July 2011 Health Beat

Karen’s Kolumn is written by Karen Dolley, R.N. and Grange Friend… we appreciate her knowledge and her willingness to share!

Heat is the number one weather related killer in theUnited States! According to NOAA National Weather Service data, heat causes more deaths per year than floods, lightening, tornadoes, and hurricanes COMBINED!  NOAA’s heat alerts are based on the heat index. The heat index is a combination of actual air temperature and relative humidity. When heat gain is more than the level the body can remove or when the body is not able to replace the fluids and salt lost in perspiration, the temperature of the body’s core begins to rise and heat related illnesses may develop.

During heat waves, reduce or eliminate all strenuous activity. Dress in lightweight, light colored clothing. Drink plenty of water or other nonalcoholic beverages. Try to spend as much time in air conditioned buildings as possible. Stay out of the sun. If you have to engage in any outdoor activities, limit them to early morning and evening hours when it is cooler outside.

Every year, children die from hyperthermia because they were left in parked vehicles. The temperature inside a parked vehicle can rise quickly to a dangerous level. The inside of a parked vehicle can heat twenty degrees in just ten minutes and leaving the windows slightly open does not decrease the heating rate by very much. The effects can be more severe in children because their bodies warm three to five times faster than adult bodies. In 2010, 49 infants and children died.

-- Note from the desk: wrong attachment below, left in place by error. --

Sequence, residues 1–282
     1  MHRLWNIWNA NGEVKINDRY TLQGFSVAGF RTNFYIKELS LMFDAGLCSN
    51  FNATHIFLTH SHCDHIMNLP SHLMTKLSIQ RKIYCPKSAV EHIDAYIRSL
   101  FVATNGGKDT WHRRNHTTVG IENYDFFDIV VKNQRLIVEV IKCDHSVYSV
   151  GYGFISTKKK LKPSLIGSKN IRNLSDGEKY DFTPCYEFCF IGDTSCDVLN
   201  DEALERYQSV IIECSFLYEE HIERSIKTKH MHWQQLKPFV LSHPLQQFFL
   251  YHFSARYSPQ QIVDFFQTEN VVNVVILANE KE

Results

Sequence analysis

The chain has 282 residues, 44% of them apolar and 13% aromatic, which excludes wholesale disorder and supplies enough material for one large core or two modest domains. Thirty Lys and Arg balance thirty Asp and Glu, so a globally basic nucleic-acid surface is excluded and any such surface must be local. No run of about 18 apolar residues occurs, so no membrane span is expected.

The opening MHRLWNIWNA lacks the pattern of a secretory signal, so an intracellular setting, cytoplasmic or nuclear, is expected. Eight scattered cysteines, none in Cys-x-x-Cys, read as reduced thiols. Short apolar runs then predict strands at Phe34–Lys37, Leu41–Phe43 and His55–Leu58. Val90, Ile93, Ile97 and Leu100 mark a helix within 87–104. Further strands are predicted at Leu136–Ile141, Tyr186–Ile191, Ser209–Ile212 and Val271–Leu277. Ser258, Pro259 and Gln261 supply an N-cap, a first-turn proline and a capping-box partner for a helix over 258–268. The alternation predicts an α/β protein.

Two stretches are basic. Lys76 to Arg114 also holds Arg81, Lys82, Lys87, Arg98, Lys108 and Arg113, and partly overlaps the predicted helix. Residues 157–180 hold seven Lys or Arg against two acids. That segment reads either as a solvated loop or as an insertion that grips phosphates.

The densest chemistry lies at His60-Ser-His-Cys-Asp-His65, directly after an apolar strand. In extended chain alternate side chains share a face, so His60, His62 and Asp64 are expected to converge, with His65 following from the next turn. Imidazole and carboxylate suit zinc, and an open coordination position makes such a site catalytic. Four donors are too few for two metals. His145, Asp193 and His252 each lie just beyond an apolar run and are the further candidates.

Child safety tips include checking to make sure seating surfaces and child safety seats and seat belts are not too hot when placing your child in a car that has been parked in the heat; never leave a child unattended in a vehicle, even with the windows down; teach children not to play in, on, or around cars; always lock car doors and trunks and keep car keys out of the reach of children; always make sure all children have left the car when you reach your destination and don’t forget sleeping infants. In over half of child deaths, children have been “forgotten” by a distracted driver after arriving at their destination. BEAT THE HEAT, CHECK THE BACK SEAT!

 For more information, visit www.KidsandCars.org; www.maine.gov/dhhs/boh/heat/index; and www.safekids.org.